Book review: Unknown, overlooked corners of the city

Sunday, 4 April 2010 - 1:22am IST | Place: Mumbai | Agency: DNA
Trickster City, a remarkable collection of sketches, vignettes, short stories, and testimonies, evokes an urban landscape not familiar to most “people like us” urbanites.

Trickster City: Writings From The Belly Of The Metropolis
Translated from the Hindi by Shveta Sarda

Penguin
326 pages
Rs499

Trickster City, a remarkable collection of sketches, vignettes, short stories, and testimonies, evokes an urban landscape not familiar to most “people like us” urbanites. It deserves to be read widely not only because it introduces us to hidden, unknown, or deliberately overlooked corners of our city, but also because the writers grapple with significant questions about identity, belonging, and community with restraint, compassion, optimism, and humour. In talking of urban redevelopment, city beautification, land reclamation, gentrification and rezoning —whether in Mumbai or Delhi, Cairo or Beijing — we forget (or choose to ignore) the cost in human terms. Trickster City reminds us that the underbelly of a city is also home to people of considerable energy, talent, and passion, determined to find their place in the sun.

The contributors to this anthology are young people in their twenties who live in neighbourhoods across the city that few English-speaking, upper-class Delhi residents have heard about, much less visited — LNJP colony in Central Delhi, Dakshinpuri in South Delhi, and Sawda-Ghevra, a new resettlement colony to the north of the city. The writers have been associated for different durations with the various Cybermohalla labs set up by Ankur Society and Sarai-CSDS (Centre for the Study of Developing Societies). Shveta Sarda, who has worked with Sarai-CSDS since 2001, has translated, with sensitivity and skill, the stories from the Hindi original, Bahurupiya Shehr (Trickster or Shape-Shifting City), published in 2006.

“Our grandparents lived in Delhi, so shall we,” say long-time residents claiming their right. But this right does not extend to all. When does an outsider become a part of the city? How long does it take before a newcomer is accepted as a resident who belongs? In examining these questions, the writers also came to discuss what would constitute writing about Delhi in 2005 at a time when there was euphoria over Delhi hosting the 2010 Commonwealth Games. As talk of rebuilding Delhi as a word-class city was heard in some circles, one recalled that Yamuna Pushta (literally ‘behind Yamuna’), a cluster of settlements made by migrants to the city, had been demolished in the recent past.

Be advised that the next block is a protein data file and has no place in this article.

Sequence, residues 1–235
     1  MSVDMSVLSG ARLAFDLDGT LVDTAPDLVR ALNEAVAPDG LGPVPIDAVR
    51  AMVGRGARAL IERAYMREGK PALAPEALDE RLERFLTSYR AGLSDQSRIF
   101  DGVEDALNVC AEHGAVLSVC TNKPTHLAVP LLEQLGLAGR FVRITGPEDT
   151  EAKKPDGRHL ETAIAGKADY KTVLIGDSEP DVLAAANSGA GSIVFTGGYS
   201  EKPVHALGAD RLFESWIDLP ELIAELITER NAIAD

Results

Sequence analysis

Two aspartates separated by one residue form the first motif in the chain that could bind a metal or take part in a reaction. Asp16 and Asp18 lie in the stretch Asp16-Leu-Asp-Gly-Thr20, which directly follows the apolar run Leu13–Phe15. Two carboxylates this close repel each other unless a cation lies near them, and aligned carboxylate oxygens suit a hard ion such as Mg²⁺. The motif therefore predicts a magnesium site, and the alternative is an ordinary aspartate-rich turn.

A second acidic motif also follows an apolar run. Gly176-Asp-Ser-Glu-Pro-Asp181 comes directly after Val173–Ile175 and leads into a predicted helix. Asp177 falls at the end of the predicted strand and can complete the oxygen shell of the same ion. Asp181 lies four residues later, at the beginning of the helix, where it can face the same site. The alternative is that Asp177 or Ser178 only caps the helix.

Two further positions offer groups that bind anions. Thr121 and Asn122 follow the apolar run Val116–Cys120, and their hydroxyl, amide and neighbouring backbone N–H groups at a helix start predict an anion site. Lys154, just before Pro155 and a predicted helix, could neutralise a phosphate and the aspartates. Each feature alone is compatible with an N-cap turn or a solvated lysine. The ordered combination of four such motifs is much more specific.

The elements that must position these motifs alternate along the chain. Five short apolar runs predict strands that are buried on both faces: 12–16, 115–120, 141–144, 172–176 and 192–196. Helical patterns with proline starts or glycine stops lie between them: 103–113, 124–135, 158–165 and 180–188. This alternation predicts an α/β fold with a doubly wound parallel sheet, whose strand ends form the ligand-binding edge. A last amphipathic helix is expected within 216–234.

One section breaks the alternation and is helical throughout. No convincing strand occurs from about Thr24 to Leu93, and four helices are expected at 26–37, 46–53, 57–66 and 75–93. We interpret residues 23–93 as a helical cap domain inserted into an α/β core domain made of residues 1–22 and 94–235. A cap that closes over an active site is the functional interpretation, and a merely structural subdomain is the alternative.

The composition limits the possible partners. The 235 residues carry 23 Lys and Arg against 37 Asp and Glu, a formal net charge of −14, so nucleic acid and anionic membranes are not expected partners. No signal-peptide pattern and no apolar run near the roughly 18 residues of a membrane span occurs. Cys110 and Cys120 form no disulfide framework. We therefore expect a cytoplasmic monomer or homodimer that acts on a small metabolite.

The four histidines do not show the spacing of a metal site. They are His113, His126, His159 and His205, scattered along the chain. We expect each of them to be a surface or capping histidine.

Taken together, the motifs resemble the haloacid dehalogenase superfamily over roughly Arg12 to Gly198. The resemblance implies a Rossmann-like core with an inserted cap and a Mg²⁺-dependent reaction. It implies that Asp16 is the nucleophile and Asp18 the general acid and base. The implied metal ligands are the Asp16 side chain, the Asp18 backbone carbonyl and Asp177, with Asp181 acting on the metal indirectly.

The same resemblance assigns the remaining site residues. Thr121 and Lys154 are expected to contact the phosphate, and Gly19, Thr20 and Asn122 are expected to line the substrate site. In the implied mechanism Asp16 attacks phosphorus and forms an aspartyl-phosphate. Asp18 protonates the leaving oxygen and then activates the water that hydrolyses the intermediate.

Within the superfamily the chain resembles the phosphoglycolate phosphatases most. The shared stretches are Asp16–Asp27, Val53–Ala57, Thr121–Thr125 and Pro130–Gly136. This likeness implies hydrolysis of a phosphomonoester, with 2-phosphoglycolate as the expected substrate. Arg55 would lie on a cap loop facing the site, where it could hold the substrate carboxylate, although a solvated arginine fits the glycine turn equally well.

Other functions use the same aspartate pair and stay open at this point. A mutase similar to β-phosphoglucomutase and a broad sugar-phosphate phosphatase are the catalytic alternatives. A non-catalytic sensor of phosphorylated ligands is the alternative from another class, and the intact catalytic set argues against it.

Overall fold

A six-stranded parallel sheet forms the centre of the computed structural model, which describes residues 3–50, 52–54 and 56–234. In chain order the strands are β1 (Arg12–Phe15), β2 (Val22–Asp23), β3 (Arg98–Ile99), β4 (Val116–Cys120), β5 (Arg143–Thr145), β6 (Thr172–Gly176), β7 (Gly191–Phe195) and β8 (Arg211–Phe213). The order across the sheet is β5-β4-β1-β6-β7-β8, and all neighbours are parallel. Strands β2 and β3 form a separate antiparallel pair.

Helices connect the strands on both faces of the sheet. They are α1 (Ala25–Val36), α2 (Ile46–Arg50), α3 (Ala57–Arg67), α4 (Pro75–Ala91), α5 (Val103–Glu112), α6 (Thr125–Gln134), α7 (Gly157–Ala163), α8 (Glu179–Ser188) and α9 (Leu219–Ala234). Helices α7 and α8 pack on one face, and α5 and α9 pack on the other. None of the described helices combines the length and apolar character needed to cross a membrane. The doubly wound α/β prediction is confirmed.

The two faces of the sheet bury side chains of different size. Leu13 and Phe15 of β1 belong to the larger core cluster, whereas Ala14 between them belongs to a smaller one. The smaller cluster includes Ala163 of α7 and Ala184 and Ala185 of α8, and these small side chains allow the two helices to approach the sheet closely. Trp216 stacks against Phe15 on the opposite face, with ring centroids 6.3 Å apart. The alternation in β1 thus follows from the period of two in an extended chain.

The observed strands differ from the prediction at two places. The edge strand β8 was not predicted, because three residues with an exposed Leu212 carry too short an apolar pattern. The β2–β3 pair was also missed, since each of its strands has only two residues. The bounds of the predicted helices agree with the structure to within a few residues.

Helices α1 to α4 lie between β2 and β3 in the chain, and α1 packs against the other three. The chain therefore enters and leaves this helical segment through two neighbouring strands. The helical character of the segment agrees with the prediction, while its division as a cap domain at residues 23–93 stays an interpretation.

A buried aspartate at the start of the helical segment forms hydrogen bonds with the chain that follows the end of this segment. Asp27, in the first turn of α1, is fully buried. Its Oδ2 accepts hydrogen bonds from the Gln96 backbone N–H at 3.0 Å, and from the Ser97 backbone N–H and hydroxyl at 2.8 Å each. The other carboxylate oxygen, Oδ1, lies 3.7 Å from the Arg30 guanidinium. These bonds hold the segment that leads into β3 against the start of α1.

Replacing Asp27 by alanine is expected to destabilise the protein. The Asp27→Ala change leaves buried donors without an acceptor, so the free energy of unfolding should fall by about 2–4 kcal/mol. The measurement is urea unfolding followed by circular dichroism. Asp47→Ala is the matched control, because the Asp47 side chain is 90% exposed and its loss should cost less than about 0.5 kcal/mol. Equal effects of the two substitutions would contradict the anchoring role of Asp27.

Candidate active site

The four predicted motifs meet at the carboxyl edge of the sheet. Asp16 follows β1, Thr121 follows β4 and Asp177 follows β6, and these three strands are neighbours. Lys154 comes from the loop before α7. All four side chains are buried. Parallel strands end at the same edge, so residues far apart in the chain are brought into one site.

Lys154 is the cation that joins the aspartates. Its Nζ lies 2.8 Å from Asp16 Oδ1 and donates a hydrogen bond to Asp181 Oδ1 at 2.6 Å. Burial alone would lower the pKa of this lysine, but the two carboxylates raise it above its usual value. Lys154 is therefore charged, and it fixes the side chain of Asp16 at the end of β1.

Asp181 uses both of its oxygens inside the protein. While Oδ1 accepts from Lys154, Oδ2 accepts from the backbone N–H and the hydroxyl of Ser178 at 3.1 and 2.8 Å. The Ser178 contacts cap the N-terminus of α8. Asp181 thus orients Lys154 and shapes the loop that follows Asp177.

Delhi has seen frequent demolitions of what are considered undesirable or illegal neighbourhoods — slums, squatter settlements, shantytowns, jhuggi jhonpri (JJ) colonies — driven by political and other imperatives. Houses are demolished and residents are evicted to wastelands at the outskirts of the city. For instance, Dakshinpuri emerged in the mid-1970s, during the Emergency years, when people were evicted from squatter settlements all over the city and some of them were “resettled” on plots of land here. More recently, Nangla Maanchi, the last remaining settlement on the banks of the Yamuna was demolished in an attempt to transform the riverfront into a Thames-like setting. Residents were relocated in the villages of Sawda and Ghevra, in the northwest of Delhi, without transport and civic facilities. As Sarda reminds us, “Demolition does not happen in one day. Demolition is a slow dismantling of a neighbourhood that has been built over decades, and the shadow it casts lingers for years afterwards.”

This lingering shadow of a neighbourhood that once was, of a home now razed, of a community lost forever, is the subject of many stories in Trickster City, chronicling how migrants struggle to survive in a cruel, arbitrary, and unpredictable world. They live precarious lives, under state scrutiny. They encounter the state apparatus — bureaucracy, officialdom, police, ration shop, school.

As they negotiate the city and deal with chaos and uncertainty, it is easy to hear only the voices of the dispossessed, powerless “underclass”. But Trickster City is much more than that. It’s a compassionate, sensitive, sometimes funny, often optimistic portrayal of the little incidents that make up our daily lives. The writers exhibit great storytelling talent, distilling in only a few pages a scene, an episode, a snatch of conversation, a question, to evoke the life and spirit of their neighbourhoods. Sarda notes that the stories are written for and by the “intimate stranger”, but “the stranger is not a threat, not at a distance, but as a self-image, a part of us, yet mysterious, unknown.” The writer, the reader, and the subject is this “unknown but known stranger who dwells inside us and confuses the boundaries of whether we are insiders or outsiders to this city.”

Trickster City is a welcome addition to the growing list of books on a city constantly in flux — shape-shifting, ever changing — but still recognizable to its citizens as home.

Malini Sood is a freelance editor and publishing consultant based in New Delhi




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